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On your home PC, things are usually a bit calmer. You may have a small network, for instance, and you may have to transfer files from one PC to another from time to time, using FTP or Samba (for connectivity with MS Windows machines). In those cases, starting all the services which you only need occasionally and having them run all the time would be a waste of resources. So in smaller setups, you will find the necessary daemons dependent on a central program, that listen on all the ports of the services for which it is responsible.

This super-server, the Internet services daemon, is started up at system initialization time. There are two common implementations: inetd and xinetd (the extended Internet services daemon). One or the other is usually running on every Linux system:

bob:~> ps -ef | grep inet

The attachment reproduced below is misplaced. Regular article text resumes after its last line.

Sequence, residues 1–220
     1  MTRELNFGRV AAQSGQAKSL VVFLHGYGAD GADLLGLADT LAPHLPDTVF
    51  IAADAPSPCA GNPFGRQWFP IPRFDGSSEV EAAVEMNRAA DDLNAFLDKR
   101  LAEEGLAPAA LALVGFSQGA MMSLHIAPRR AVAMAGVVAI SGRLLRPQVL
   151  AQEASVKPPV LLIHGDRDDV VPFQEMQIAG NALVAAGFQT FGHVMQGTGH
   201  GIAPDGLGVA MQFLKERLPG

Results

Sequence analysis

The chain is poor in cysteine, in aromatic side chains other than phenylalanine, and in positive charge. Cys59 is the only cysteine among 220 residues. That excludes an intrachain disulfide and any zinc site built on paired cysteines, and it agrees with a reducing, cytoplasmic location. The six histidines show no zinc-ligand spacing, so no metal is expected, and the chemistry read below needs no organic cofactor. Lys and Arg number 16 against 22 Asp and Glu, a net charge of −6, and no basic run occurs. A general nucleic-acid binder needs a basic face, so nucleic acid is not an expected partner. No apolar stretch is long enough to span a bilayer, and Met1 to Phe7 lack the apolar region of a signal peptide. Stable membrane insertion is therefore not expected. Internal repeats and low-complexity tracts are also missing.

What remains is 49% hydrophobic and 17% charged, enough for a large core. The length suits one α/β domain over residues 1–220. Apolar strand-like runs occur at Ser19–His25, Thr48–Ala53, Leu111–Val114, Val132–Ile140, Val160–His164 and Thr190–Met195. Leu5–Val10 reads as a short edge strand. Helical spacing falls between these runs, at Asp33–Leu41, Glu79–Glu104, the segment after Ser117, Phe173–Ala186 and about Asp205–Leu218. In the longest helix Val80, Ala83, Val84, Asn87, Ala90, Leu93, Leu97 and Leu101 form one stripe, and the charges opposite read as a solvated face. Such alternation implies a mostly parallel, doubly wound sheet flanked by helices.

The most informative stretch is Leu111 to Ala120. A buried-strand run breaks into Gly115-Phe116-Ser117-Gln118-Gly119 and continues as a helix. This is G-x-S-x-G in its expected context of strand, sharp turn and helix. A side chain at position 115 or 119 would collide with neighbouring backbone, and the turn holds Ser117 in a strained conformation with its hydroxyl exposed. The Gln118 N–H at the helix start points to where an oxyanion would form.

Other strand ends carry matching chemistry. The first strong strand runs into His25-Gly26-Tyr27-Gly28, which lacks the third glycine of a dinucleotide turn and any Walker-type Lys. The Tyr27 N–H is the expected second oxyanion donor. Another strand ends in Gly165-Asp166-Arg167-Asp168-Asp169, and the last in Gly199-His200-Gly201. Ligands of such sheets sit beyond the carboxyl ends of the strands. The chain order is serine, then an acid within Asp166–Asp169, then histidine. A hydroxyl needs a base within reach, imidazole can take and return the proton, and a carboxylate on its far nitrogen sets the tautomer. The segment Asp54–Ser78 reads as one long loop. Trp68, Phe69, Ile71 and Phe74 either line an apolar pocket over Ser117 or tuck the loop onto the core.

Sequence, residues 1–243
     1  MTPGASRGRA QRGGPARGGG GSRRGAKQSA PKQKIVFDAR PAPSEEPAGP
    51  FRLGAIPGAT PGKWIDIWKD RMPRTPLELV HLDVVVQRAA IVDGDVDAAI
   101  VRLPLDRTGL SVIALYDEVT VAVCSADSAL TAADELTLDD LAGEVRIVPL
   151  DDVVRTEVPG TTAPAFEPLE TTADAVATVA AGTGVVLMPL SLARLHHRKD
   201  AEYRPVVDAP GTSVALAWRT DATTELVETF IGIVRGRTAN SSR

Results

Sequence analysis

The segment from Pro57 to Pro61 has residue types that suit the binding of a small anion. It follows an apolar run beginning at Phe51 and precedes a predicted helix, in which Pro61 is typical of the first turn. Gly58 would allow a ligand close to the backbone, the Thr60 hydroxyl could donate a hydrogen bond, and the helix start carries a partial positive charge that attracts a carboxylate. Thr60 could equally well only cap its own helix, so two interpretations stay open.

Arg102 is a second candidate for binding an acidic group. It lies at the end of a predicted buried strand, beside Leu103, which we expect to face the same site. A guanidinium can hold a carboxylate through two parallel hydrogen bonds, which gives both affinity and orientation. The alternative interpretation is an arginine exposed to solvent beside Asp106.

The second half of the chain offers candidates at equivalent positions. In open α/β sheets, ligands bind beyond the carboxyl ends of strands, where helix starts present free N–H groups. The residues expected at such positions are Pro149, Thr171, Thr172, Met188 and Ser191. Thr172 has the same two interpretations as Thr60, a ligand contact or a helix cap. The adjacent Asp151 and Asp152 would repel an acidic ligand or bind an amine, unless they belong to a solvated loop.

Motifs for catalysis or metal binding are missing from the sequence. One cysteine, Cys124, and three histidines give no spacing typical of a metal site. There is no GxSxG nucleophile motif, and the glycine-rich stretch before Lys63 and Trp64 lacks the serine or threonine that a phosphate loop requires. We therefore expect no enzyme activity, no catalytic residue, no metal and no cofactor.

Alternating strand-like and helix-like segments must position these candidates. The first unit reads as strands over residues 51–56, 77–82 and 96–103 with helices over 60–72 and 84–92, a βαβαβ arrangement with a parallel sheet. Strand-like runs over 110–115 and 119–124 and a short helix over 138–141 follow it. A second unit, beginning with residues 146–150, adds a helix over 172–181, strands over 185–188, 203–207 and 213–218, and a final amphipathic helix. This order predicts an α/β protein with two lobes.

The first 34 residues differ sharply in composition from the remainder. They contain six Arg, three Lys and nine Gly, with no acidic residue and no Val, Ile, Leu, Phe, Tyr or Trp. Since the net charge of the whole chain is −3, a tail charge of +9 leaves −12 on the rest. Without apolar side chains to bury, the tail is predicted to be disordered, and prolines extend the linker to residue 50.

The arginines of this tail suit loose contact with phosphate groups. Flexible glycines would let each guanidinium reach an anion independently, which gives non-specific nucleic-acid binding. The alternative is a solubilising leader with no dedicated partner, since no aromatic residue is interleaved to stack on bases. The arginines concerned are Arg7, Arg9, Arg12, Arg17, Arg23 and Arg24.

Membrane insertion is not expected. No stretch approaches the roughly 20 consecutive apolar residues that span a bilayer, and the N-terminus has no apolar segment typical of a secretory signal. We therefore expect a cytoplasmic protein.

root  926   1 0 Mar14 ?   00:00:00 xinetd-ipv6 -stayalive -reuse \
-pidfile /var/run/

The services for which the Internet daemon is responsible, are listed in its configuration file, /etc/inetd.conf, for inetd, and in the directory /etc/xinetd.d for xinetd. Commonly managed services include file share and print services, SSH, FTP, telnet, the Samba configuration daemon, talk and time services.

As soon as a connection request is received, the central server will start an instance of the required server. Thus, in the example below, when user bob starts an FTP session to the local host, an FTP daemon is running as long as the session is active:

bob:~> ps auxw | grep ftp
bob     793  0.1  0.2  3960 1076 pts/6    S    16:44   0:00 ncftp localhost
ftp     794  0.7  0.5  5588 2608 ?        SN   16:44   0:00 ftpd: 
localhost.localdomain: anonymous/[email protected]: IDLE

Of course, the same happens when you open connections to remote hosts: either a daemon answers directly, or a remote (x)inetd starts the service you need and stops it when you quit.

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